• accuracy;
  • metabolism;
  • mixed-effect model;
  • multi-response model;
  • personality;
  • physiology;
  • plasticity;
  • random regression;
  • reaction norm;
  • repeatability;
  • statistical power


  1. Growing interest in proximate and ultimate causes and consequences of between- and within-individual variation in labile components of the phenotype – such as behaviour or physiology – characterizes current research in evolutionary ecology.
  2. The study of individual variation requires tools for quantification and decomposition of phenotypic variation into between- and within-individual components. This is essential as variance components differ in their ecological and evolutionary implications.
  3. We provide an overview of how mixed-effect models can be used to partition variation in, and correlations among, phenotypic attributes into between- and within-individual variance components.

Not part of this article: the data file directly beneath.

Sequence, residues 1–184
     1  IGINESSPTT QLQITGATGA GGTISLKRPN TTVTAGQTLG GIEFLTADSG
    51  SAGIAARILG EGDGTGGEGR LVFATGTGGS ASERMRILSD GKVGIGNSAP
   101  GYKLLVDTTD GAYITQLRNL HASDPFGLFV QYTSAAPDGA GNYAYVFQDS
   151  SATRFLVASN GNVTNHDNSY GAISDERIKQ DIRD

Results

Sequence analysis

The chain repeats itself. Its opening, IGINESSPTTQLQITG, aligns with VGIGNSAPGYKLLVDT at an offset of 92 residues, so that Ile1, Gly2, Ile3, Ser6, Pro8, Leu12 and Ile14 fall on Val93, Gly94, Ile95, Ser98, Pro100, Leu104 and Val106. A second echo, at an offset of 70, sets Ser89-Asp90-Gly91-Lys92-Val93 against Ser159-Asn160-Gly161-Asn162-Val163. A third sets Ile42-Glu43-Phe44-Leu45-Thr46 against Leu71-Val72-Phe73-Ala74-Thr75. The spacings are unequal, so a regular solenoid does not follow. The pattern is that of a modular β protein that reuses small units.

4. Optimal sampling schemes to accurately estimate (with sufficient power) a wide range of repeatabilities and key (co)variance components, such as between- and within-individual correlations, are detailed.
  5. Mixed-effect models enable the usage of unambiguous terminology for patterns of biological variation that currently lack a formal statistical definition (e.g. ‘animal personality’ or ‘behavioural syndromes’), and facilitate cross-fertilisation between disciplines such as behavioural ecology, ecological physiology and quantitative genetics.